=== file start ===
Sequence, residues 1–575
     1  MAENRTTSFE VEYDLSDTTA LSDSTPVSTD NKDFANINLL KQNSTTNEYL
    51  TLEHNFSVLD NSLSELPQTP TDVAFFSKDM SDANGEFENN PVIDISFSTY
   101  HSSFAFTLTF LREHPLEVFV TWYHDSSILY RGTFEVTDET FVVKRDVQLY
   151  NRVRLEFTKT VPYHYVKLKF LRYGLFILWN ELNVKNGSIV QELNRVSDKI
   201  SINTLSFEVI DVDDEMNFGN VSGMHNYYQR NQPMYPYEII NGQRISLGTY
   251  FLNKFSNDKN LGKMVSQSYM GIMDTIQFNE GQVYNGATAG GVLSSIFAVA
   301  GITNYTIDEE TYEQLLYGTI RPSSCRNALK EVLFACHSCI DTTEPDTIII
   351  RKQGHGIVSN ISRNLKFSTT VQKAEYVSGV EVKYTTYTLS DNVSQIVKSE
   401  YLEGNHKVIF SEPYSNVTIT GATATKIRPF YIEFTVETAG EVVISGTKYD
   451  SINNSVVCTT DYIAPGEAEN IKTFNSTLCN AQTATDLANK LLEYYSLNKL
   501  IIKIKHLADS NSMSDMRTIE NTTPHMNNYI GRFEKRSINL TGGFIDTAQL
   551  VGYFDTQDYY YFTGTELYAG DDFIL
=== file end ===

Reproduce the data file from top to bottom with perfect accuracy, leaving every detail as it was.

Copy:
Sequence, residues 1–575
     1  MAENRTTSFE VEYDLSDTTA LSDSTPVSTD NKDFANINLL KQNSTTNEYL
    51  TLEHNFSVLD NSLSELPQTP TDVAFFSKDM SDANGEFENN PVIDISFSTY
   101  HSSFAFTLTF LREHPLEVFV TWYHDSSILY RGTFEVTDET FVVKRDVQLY
   151  NRVRLEFTKT VPYHYVKLKF LRYGLFILWN ELNVKNGSIV QELNRVSDKI
   201  SINTLSFEVI DVDDEMNFGN VSGMHNYYQR NQPMYPYEII NGQRISLGTY
   251  FLNKFSNDKN LGKMVSQSYM GIMDTIQFNE GQVYNGATAG GVLSSIFAVA
   301  GITNYTIDEE TYEQLLYGTI RPSSCRNALK EVLFACHSCI DTTEPDTIII
   351  RKQGHGIVSN ISRNLKFSTT VQKAEYVSGV EVKYTTYTLS DNVSQIVKSE
   401  YLEGNHKVIF SEPYSNVTIT GATATKIRPF YIEFTVETAG EVVISGTKYD
   451  SINNSVVCTT DYIAPGEAEN IKTFNSTLCN AQTATDLANK LLEYYSLNKL
   501  IIKIKHLADS NSMSDMRTIE NTTPHMNNYI GRFEKRSINL TGGFIDTAQL
   551  VGYFDTQDYY YFTGTELYAG DDFIL